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A Short Mission: The Facts in the Case of Mr Hollow

Have you ever looked and an old Victorian photograph and instantly had shivers trickle down your pine? Maybe it’s the sepia tone or perhaps it is the tinge of ghosts that no longer walk this Earth that star dead eyed into your soul as if they were right beside you, whispering the past into the your nightmares. The ghoulish apparitions that seem to perforate in the background spindle all your fright into a ball and you are either sucked further into the ghouls at centre stage or you have to pull away, chilled at the thoughts haunting your mind.

This notion is played really well in The Facts In The Case of Mr Hollow. Taking a massive liberty with how you can view a photograph – in this case, presenting it more as a tableau than anything. Drenched in sepia tones, it depicts a brand new family parked outside a church with a child in tow. Using the lens of the camera as a magnifying glass, we are invited to view each aspect and dimension of the photography where the sinister truth is slowly being revealed.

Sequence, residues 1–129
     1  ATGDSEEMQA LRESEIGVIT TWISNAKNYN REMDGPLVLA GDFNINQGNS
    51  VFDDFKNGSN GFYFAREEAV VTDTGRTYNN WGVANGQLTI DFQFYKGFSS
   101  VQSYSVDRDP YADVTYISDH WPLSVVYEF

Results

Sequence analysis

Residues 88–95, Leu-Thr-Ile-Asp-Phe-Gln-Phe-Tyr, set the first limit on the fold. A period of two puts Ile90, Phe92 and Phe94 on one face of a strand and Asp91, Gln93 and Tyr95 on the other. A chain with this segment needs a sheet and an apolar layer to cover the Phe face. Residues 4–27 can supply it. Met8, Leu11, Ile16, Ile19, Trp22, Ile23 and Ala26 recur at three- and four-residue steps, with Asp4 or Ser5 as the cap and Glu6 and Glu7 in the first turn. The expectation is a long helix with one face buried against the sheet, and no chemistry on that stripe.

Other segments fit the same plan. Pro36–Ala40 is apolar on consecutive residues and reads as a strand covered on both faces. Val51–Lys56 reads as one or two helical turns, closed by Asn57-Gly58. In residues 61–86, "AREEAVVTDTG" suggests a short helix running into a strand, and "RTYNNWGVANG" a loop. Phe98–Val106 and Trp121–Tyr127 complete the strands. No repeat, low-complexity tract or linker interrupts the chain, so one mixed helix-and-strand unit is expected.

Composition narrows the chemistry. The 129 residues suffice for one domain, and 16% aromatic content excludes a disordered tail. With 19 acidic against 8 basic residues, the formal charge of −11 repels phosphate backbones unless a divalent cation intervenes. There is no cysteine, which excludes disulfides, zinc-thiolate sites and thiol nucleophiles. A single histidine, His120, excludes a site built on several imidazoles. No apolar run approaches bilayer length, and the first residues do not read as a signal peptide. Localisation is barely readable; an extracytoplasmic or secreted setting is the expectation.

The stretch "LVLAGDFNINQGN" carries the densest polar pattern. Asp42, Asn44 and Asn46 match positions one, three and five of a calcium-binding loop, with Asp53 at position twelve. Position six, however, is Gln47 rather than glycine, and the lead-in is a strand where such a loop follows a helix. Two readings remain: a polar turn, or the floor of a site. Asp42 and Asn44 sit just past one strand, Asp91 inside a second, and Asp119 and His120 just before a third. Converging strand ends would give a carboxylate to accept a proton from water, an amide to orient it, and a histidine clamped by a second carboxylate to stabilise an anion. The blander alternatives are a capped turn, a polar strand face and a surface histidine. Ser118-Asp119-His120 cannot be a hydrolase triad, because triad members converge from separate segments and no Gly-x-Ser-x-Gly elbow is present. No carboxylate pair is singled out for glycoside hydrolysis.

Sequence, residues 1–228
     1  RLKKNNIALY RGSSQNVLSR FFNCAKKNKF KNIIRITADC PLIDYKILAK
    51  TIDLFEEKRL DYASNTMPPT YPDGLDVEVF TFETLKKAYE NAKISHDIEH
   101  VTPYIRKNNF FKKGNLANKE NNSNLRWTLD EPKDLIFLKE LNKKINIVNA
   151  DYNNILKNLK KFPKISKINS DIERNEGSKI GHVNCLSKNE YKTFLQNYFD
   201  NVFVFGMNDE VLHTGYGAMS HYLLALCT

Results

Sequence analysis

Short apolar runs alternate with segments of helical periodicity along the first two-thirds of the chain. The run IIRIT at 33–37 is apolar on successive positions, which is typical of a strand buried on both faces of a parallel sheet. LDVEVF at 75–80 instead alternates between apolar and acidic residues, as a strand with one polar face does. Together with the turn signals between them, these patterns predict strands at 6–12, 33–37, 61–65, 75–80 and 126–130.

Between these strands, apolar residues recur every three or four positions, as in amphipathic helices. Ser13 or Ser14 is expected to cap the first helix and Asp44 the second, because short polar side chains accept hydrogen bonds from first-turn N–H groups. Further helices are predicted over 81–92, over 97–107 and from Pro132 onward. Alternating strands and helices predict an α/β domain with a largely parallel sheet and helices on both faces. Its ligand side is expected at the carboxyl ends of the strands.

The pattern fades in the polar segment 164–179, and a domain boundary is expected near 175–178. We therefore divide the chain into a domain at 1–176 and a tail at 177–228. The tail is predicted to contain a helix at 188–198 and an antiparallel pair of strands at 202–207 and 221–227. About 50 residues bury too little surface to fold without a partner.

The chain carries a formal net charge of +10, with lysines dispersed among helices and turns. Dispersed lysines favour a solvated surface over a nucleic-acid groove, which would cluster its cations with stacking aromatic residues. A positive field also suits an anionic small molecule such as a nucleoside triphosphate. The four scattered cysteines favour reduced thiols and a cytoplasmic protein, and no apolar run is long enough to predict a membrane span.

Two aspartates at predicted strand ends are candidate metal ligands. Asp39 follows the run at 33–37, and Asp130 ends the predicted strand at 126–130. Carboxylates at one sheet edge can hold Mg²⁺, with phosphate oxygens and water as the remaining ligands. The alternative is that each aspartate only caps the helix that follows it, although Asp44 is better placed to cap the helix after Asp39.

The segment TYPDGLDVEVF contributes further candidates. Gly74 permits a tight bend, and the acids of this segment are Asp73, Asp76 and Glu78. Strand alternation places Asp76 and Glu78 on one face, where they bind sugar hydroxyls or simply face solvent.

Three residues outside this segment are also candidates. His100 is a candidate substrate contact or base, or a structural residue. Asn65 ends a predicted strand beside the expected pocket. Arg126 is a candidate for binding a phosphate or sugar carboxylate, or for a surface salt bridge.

The Facts in the Case of Mr Hollow is an outstanding and original take of the horror fare that still sends homage to the genre, with nods here and there. The set up and the gradually changing characters despite their supposed stillness, really unveils in this unique and stirring way. Co-directed and written by Rodrigo Gudino and Marco Pecota, the spiralling tension and fear for an effective film. The music adds a layer of suspense that curdles in your stomach with this dull sense of dread. The impending shock, fear and fright is very much akin to those idiotic “find the mistake” screamer puzzles online but it is developed really well here. It’s creepy, innovative, and wholly fantastic.

Sarah Cook

The author Sarah Cook

Sarah Cook is a Film Journalist, Director, and Screenwriter. Founder at We Make Movies On Weekends. She will talk about Filth and James McAvoy. A lot.